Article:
How an old Chevy, the Army and Art Blakey made Cedar Walton’s career.
Some people go to New York to be discovered. When jazz
pianist Cedar Walton drove his Chevy across the country to get there in
1955, it was for anonymity. “Everybody knew me in Dallas,” he rec
Esperanza Spalding is a popular woman. The
bassist/singer/composer will tour at least 10 countries this summer
after wrapping up the lengthy U.S. trip that brings her back to her
hometown of Por
The Soul'd Out festival has been a blast thus far. I've seen Maze (and, perhaps not coincidentally, the most black people I've ever seen in Portland); I've seen Slaughterhouse (and their insanely devoted crowd); I've seen AfroMassive jammed into the basement at Goodfoot and last night I saw a downright inspiring set of ska standards from the Skatalites. Damn! Am I forgetting anything?
[HIP-HOP] We’re used to Serge Severe being the Sharon
Jones of boom-bap (boom-Baptone?). On his last two records, the Portland
MC has branded himself as a throwback, flowing over jazz and
Kurt Thomas can’t compete with Blaze. The NBA’s oldest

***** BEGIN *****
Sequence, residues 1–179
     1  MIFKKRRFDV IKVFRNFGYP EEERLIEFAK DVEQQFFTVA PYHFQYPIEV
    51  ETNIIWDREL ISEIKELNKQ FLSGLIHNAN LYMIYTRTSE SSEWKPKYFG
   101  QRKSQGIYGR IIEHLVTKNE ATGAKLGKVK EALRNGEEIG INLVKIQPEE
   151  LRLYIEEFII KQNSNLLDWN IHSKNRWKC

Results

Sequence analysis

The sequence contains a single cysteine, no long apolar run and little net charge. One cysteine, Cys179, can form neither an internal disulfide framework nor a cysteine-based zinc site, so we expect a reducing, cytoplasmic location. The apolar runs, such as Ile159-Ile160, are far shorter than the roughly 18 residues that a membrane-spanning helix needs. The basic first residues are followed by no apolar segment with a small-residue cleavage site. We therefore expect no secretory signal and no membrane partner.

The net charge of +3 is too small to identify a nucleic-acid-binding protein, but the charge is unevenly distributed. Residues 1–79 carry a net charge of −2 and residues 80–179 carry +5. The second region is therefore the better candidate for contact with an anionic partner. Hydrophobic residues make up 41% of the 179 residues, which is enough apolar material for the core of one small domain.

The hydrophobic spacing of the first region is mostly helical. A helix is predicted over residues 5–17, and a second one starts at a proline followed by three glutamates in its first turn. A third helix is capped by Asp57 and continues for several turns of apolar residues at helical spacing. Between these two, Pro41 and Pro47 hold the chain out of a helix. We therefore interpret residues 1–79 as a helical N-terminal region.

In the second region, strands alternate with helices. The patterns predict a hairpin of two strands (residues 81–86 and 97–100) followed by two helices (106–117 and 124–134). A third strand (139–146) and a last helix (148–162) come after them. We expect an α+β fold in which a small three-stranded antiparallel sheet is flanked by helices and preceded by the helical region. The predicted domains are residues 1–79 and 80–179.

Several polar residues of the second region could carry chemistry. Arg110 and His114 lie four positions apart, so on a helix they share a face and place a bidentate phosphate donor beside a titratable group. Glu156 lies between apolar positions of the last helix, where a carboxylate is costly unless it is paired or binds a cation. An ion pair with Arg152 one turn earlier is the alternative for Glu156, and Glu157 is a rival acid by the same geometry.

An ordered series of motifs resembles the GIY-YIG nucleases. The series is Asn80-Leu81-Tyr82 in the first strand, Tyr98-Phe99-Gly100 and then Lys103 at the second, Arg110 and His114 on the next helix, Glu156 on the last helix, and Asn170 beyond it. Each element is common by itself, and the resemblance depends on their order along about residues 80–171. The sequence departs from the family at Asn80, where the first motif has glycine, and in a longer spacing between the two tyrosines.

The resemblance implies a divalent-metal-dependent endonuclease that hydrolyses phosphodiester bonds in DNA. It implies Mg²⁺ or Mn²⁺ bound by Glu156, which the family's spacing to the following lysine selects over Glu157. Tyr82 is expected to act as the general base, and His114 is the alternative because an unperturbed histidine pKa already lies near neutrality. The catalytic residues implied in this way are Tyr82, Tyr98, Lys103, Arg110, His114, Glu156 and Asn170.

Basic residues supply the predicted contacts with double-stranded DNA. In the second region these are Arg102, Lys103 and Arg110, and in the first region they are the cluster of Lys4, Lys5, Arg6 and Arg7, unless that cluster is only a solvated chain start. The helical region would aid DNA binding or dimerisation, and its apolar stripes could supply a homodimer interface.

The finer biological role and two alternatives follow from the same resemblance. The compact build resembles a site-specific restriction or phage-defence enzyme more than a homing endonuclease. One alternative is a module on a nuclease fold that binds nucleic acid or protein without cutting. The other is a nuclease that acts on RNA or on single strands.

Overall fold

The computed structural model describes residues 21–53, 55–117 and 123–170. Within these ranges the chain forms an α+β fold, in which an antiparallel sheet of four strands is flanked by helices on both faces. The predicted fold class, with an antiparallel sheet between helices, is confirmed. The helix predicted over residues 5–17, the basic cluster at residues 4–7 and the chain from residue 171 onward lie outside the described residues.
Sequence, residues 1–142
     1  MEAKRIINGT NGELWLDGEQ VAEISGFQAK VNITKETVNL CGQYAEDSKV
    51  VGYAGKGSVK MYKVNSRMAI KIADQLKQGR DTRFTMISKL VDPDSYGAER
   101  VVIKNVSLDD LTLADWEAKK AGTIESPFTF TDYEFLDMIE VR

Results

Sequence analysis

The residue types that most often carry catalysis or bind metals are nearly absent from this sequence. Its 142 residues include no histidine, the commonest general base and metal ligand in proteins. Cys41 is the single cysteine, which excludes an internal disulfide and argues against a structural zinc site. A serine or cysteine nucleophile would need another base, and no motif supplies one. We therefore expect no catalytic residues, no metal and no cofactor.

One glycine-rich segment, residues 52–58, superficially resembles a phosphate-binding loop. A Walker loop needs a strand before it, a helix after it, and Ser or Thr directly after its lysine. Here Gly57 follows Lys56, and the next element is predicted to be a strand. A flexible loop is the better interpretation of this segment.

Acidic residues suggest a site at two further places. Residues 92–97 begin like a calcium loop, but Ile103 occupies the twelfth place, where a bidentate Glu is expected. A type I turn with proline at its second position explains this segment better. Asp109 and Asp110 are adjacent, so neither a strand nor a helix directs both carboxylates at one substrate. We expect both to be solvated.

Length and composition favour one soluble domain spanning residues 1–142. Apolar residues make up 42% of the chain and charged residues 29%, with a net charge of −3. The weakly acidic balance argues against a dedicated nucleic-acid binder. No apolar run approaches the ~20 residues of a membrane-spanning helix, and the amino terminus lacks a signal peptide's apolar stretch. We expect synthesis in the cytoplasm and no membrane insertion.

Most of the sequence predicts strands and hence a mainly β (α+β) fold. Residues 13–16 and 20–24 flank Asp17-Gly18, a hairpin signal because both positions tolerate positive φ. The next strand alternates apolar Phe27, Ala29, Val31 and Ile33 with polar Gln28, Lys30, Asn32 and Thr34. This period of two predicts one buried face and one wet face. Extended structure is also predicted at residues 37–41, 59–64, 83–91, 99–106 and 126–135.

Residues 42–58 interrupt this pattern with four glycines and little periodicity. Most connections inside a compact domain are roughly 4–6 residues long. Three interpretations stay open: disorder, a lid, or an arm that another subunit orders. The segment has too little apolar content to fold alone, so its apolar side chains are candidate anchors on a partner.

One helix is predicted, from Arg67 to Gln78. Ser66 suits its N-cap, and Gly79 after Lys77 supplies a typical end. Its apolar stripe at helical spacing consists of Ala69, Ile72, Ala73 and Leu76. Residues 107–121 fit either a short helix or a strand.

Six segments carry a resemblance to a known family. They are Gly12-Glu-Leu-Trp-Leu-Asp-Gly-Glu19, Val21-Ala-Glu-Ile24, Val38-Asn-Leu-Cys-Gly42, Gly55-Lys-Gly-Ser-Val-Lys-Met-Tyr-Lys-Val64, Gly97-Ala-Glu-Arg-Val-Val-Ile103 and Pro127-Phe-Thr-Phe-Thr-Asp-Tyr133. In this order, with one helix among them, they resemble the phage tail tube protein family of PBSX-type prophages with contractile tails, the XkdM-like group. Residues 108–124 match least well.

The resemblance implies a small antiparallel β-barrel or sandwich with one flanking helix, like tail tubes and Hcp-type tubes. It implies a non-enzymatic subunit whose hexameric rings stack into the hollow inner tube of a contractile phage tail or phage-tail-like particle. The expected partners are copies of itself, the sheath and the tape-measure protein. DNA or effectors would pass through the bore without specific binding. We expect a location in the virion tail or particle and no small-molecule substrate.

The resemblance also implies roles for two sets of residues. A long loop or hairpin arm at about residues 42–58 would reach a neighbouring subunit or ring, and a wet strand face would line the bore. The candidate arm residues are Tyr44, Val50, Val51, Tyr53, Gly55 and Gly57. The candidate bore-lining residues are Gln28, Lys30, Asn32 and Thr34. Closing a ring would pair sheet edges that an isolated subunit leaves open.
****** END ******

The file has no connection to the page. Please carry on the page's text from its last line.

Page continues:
player and his team’s mascot are representing the Trail Blazers at
Russell Academy’s rundown elementary school gymnasium in Northeast
There are five words to this song.
I often wonder what would have happened to Josh Hodges music if no one ever danced to Starfucker. I think things could have gone one of two ways: He'd either be making really elaborate experimental music by now or he'd be releasing stripped-down, minimal songs like this on his own, perhaps under the old Sexton Blake moniker.
Of course that's all speculation...
Music(UPDATED 4/13 with thoughts from members of Fruition and Quixotic)
From my brief time with him, I can't imagine Gavin Soens—who rapped and produced music under the name Gavin Theory—using any cliche cancer phrases about himself. He wasn't "a fighter" or "a trooper." He was, in his own mind, a guy who was blessed with great friends, a supportive family and a supportive music community...
This new video from Mean Jeans, which finds the band blasting green space aliens and drinking Jägermeister—one gets the distinct impression that most of the set props come from the band's personal collection—is pretty amazing, though it threatens to distract from just how awesome this song is. But then, the band's ultra-specific party aesthetic is always going to be a little love or hate for ...
So, I always feel a kinship with referees. I was reminded of this a few minutes ago, when one offered a friendly but distant half-hug to Raymond Felton. I know that feeling. I write about music for a living. And you can get close to a band—physically close, until your ears bleed—but you're rarely close to a band. And, of course, if you get too close you've got to stop writing about them. I can...